Are Demons Real?

Are Demons Real? April 16, 2020

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While I may be a believer in God and the spiritual realm, I also tend to hold an equal amount of skepticism. For most who are religious, it’s easy to connect anything that happens in the physical world with the spiritual realm. But sometimes that heightened awareness of the metaphysical can come without realizing that the unknown does not always mean diabolical. For example, as an adolescent I remember being frightened by my parent’s housecoats that were hung up behind the bathroom door as though they were ghoulish entities ready to terrorize me if I came too close. I eventually grew out of that fear after being accustomed to the fact that they were just housecoats — only to realize those housecoats would be the least of my worries.

I remember how my mind used to conjure up other very strange sights when I was young. Sometimes I could visualize ghastly faces in the wood-grain paneling of my bedroom in the dark of night. Once in a while in between dreaming and waking up, I swore I could see terrifying skeleton-like apparitions with enlongated craniums lingering in the doorway of my room, casting their dead smiles while I lay helplessly. There was something about lying in bed at night that made me feel extremely vulnerable as though these hellish creatures would sweep me off into the night. I can’t say that I’ve ever experienced sleep paralysis, but these visions could easily be dismissed as hallucinations from lucid dreaming. But if anyone were to turn the light on, any trace of such a sight would disappear immediately.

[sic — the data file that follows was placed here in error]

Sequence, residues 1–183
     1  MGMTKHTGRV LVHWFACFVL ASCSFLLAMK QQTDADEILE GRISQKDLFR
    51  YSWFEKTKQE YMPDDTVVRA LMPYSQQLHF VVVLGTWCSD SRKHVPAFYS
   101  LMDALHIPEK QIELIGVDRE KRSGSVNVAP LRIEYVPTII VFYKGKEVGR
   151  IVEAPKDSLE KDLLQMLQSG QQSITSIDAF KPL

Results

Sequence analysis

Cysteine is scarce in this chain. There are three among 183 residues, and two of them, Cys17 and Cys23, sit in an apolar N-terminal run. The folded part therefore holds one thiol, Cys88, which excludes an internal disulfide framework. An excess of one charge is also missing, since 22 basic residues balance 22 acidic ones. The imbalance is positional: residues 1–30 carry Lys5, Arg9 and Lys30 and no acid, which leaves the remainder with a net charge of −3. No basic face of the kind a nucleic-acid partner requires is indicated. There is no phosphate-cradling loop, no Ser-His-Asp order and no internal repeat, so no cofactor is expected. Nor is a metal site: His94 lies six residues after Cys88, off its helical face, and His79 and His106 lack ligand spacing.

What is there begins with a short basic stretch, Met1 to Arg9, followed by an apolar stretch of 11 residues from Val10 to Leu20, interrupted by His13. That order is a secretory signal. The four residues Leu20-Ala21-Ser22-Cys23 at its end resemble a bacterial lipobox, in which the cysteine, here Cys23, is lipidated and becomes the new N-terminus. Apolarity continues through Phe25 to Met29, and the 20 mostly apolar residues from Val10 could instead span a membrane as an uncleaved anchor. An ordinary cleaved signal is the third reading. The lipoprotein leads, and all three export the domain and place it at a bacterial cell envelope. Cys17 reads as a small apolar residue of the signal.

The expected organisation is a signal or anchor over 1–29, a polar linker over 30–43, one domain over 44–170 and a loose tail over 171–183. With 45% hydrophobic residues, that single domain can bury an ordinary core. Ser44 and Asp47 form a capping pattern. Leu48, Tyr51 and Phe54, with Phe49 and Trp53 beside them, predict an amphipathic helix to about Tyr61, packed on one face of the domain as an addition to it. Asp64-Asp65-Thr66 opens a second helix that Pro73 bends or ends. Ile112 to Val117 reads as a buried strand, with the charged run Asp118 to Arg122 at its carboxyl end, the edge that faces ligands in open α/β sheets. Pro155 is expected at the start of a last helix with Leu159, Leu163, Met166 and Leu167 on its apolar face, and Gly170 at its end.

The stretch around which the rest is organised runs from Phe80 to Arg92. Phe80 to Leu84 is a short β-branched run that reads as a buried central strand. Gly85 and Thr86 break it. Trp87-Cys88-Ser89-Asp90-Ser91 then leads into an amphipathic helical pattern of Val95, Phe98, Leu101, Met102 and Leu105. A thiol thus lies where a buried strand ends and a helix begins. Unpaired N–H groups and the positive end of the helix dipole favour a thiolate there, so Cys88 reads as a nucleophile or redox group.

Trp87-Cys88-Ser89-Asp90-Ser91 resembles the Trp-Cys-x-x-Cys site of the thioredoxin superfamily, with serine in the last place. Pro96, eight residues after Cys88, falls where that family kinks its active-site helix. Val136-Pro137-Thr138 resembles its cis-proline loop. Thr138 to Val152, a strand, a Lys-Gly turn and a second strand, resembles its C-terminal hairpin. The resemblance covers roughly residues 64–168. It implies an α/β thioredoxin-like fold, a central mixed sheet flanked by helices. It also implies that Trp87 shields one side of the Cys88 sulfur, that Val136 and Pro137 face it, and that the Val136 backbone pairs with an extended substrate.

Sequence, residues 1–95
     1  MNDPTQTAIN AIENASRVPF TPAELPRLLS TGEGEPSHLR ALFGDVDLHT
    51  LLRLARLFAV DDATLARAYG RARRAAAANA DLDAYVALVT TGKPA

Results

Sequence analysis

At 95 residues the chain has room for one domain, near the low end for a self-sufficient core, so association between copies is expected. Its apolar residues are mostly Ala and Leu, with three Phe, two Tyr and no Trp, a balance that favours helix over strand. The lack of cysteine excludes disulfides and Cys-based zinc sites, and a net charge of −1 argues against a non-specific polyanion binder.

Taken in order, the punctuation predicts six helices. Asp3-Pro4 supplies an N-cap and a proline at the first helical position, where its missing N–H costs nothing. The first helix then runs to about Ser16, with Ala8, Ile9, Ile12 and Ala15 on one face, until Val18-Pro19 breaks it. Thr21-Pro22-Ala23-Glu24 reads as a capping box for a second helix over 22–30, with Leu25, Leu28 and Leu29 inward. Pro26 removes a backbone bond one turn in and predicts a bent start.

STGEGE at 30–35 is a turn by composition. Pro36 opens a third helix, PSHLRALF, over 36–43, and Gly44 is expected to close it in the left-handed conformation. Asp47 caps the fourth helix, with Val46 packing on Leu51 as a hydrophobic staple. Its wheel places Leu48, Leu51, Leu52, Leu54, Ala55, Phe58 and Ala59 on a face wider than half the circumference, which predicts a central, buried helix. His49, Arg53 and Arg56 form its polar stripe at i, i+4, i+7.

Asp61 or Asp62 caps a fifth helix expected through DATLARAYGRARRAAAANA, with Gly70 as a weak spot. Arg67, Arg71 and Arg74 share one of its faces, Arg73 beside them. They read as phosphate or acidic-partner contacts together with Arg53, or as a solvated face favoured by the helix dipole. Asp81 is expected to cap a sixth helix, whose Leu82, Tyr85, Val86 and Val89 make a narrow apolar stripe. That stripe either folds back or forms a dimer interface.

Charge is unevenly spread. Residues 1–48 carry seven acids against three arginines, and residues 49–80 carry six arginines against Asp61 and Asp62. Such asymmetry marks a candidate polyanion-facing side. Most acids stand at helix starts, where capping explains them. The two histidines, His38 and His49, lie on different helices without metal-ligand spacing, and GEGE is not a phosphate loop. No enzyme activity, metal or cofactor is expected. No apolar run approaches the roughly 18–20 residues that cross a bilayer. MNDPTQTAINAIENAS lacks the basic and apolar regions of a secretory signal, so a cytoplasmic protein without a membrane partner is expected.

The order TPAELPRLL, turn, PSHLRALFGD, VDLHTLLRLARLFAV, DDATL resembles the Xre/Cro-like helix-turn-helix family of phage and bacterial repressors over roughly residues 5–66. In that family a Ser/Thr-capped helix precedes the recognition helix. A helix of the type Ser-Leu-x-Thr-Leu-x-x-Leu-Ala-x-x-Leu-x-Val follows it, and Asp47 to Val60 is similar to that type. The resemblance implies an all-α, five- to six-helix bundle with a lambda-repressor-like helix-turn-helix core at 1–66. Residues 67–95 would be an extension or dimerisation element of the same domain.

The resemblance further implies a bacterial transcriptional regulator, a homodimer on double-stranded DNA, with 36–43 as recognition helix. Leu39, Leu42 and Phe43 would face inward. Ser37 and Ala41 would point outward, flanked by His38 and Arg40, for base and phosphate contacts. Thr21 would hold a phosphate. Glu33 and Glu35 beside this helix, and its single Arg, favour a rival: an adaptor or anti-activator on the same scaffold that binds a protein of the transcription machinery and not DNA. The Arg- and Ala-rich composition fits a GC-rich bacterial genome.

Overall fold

My first real scare was when I was roughly 8 years old. I remember playing with my cousin in my aunt’s basement while we chased each other around to try and scare each other for fun. I hid around the corner at the bottom of the stairs after chasing her around the rooms. I peered around the corner for a split second when I suddenly caught the vision of a tall, scrawny, ghoulish figure passing directly in front of me. I remember the image of a lanky arm with long, bony fingers directly in front of my face. I was so terrified by this horrifying sight that I immediately pulled back around the corner and cried in a panic. As I froze in hyperventilation, my cousin asked what was the matter from across the basement. I slowly peered around the corner again, but the ghastly figure was nowhere to be seen. My cousin ran towards me to see where I was at. I asked if she saw anything and she said she did not. In retrospect, I’m almost certain what I saw was a figment of my imagination running wild in the midst of playing. But what strikes me is the sheer detail I remember of the grisly hand as well as the seemingly graceful movement of whatever I saw. Although very brief and obscure, this vision haunts me to this very day.